The title of my blog today comes from a song written by an old (T1) friend who wrote about the roller coaster days of diabetes, and I couldn't think of anything better to title my post today. All about mental health and diabetes.
For a long time I was often told that I was depressed, sad or sometimes said mean things. Often I was told this by family and health care professionals. I was told this not because they were trying to hurt me, but because they saw the roller coaster I was on as just that. I may have seemed depressed, sad or mean but it wasn't me, it was the D. Let me just say, as someone who tries VERY hard to be a nice and tolerant to everyone I meet, it's disheartening to hear this.
After reaching out to the DOC (diabetes online community) and carefully monitoring my everything during the roller coaster ride, I have come to the conclusion that diabetes is a whole mind AND body disease. It affects our blood sugar, kidneys heart, eyes yadda yadda...we are always told how detrimental having out of control blood sugars can be on our body, but why have endocrinologists never addressed that sometimes, you will feel blue for no reason? Why weren't we told that we would be often be told my friends, family members even doctors that we were blaming the disease when it wasn't that at all? I have never felt anger about beign diabetic, I don't remember what it's like to NOT be diabetic.
We are often having fingers pointing at us saying we could lose toes, kidney function, eye sight for being the way we are, but no body puts a hand on our shoulder and says "don't listen to your body right now, it's reacting to your roller coaster, you're not a shit head"
So the more I followed my patterns the more I started to understand that diabetes is intertwined with mental illness so tightly I don't even wish to separate the fact and say I am "depressed" because the depressed I feel does not last weeks or months, it lasts maybe a day and now I know why. People who suffer from depression and other like-mental illnesses deserve more recognition for their struggles and people who live with diabetes deserve more shoulder patting than finger pointing.
This all came to me the other day pretty suddenly, actually. On Wednesday night I woke up at 1 am to a blood sugar of 1.9 mmol/L or 34 mg/dcl. A relatively severe low to say the least. I laid in bed sucking on a juice box just wishing for everything to just leave me alone. I was willing myself to treat the low rather than ignore it. Trying to convince myself that getting up and eating a half cup of peanut butter was a bad idea because of the enormous amount of calories and I just laid there.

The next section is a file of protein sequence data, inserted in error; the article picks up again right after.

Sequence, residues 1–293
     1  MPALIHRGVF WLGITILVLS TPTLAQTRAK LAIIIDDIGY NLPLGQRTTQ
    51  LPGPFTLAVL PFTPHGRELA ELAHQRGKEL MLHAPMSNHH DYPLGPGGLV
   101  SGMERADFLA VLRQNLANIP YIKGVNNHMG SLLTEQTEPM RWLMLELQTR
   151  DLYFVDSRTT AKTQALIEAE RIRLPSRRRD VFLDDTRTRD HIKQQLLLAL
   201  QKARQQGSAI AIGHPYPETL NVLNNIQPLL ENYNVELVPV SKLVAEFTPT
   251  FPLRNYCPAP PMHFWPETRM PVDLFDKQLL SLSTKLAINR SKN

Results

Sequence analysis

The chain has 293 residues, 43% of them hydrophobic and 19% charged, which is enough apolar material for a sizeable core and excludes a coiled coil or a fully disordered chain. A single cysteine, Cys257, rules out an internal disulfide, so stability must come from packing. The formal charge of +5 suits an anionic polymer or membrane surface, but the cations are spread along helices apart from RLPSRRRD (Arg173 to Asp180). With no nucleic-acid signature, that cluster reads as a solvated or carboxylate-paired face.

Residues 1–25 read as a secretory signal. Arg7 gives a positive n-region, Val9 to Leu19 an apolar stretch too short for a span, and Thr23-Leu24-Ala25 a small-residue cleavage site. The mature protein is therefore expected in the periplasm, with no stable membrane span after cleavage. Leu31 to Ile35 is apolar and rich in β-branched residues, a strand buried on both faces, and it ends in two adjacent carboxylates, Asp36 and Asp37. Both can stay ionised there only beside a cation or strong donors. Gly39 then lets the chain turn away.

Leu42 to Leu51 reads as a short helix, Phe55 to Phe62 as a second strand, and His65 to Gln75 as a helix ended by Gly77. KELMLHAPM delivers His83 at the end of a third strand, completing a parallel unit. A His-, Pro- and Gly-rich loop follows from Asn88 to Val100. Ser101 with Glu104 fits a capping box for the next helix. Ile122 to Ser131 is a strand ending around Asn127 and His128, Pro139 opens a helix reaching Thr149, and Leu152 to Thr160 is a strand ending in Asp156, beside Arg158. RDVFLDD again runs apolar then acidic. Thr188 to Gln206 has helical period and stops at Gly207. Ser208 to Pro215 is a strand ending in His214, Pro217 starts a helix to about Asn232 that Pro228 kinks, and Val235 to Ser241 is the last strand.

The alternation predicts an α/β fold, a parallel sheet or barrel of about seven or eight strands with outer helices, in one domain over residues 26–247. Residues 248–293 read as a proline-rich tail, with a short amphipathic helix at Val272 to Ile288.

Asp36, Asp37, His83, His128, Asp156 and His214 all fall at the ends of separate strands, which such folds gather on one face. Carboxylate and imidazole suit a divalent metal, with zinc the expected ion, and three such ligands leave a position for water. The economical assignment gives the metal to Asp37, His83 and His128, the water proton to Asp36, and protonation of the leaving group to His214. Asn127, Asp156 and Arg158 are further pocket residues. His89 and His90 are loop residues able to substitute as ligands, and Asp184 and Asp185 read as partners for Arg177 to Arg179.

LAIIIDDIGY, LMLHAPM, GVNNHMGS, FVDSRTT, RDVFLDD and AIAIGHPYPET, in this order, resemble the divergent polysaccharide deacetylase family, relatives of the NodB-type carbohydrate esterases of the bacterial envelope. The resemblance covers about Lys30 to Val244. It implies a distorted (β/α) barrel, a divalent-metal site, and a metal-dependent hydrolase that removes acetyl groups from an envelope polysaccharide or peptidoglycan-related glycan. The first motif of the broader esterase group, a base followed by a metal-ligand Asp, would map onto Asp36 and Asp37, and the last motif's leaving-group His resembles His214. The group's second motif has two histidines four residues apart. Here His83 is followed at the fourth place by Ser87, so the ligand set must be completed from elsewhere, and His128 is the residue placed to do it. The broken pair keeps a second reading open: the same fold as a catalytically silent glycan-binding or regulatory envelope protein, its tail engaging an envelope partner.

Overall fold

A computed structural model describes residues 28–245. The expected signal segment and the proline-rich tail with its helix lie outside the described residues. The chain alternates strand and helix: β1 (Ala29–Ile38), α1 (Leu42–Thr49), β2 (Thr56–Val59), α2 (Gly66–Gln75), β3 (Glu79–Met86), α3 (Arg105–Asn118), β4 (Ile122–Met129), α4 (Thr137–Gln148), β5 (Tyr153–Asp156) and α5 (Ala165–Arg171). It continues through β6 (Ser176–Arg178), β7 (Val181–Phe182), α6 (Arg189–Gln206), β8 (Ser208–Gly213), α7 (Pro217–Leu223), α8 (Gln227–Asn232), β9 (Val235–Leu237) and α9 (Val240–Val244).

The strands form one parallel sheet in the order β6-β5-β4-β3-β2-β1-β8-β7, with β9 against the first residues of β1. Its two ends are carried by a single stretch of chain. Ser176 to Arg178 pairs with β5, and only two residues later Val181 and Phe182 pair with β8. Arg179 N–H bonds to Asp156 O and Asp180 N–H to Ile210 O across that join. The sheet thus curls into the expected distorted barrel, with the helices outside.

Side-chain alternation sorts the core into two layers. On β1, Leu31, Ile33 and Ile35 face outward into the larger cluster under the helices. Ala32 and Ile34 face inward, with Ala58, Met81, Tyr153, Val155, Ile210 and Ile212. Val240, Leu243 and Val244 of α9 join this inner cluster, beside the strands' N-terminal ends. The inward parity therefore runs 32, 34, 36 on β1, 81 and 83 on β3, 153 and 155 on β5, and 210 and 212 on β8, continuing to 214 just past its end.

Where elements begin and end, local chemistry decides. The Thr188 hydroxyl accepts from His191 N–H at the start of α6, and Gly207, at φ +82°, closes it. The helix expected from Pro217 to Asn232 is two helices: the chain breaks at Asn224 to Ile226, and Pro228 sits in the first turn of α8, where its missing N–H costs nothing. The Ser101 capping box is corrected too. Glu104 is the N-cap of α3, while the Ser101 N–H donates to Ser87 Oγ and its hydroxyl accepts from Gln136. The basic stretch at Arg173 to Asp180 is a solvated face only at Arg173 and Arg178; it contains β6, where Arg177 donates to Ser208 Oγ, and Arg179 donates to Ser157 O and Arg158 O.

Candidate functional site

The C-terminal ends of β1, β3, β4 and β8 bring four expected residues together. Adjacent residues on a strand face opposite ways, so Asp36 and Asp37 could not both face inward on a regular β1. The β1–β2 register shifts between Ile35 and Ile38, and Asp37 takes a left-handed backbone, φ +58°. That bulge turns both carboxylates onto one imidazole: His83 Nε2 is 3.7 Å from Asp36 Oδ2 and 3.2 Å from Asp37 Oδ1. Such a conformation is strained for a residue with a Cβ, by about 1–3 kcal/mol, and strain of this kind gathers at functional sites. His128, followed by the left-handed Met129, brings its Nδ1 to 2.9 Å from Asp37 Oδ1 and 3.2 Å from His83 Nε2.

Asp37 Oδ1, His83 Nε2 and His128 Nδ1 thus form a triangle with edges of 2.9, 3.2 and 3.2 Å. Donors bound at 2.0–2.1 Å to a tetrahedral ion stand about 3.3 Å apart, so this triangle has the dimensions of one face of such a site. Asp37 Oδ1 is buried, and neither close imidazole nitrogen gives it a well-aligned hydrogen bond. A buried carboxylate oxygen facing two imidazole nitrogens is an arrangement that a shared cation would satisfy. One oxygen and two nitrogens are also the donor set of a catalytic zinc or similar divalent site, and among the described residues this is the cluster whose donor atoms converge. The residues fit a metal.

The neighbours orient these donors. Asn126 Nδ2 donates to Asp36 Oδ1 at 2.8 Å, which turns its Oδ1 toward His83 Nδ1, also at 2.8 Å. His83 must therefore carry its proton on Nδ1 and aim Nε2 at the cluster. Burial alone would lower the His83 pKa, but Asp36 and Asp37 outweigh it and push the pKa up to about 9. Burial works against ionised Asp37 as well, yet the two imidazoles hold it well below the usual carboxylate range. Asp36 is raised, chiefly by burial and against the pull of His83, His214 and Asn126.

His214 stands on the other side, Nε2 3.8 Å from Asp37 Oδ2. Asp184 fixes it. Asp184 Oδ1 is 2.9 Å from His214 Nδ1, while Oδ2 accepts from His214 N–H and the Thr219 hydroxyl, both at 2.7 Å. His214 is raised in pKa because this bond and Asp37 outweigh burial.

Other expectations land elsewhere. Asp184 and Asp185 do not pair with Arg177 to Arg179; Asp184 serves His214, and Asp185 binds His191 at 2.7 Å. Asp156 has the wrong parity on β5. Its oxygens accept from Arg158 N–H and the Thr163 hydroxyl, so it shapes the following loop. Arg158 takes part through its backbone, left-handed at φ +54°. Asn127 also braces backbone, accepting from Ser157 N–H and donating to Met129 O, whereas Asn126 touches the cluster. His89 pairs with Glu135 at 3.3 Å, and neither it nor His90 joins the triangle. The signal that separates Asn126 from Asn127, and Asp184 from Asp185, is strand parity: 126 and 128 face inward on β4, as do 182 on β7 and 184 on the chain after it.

I laid there feeling awful, I felt physically horrible because of my low, but I felt mentally awful for failing, yet again, at something I should be masterful of! It's been almost a quarter century with this disease! How can I possibly be this low for no reason! As I was mentally beating myself up, I checked my blood sugar again 15 mins later and I was comfortably at 5.9/106. I lowered my basal for three hours by 20% and fell back asleep.
Fast forward to 6:30 am. I wake and I am 3.4/61. I was so frustrated. And sad. And confused. I just ate my breakfast and went about my business as normal...forgetting to bolus for the food I ate in addition to the juice I drank. I am sure you can see where I am going to end up here...
At 10am I check and I am now 16.4/295. I am parched, my heart is racing, my eyes feel heavy and I need insulin. I do a correction and I feel sad. I feel a heavy weight over my body like a fog that I can't get out of. I correct and slump into my work for the day.
I tried everything to pick me up that day and nothing did. Not a bike ride, or my favourite show, or walking my dog...just nothing. The only thing that made me feel better was sleeping. It's exhausting fighting a battle like that day, jumping through hoops just trying to feel healthy and normal. And I really do believe that if our hormones are so messed up that they aren't doing their job for one thing, then it's fully possible and even probably that our ability to cope and process adrenaline, serotonin and all of the other feel good hormones is completely messed up too.
I know I am not alone. But it's important that to be aware of the risks and complications of diabetes, and those include days where we aren't ourselves emotionally, mentally AND physically. I am so very lucky to have a partner in life that helps me through these tough days, he totally understands and reminds me of the hard things I deal with on top of every day life. He reminds me that tomorrow is another day, and for that I will be forever thankful.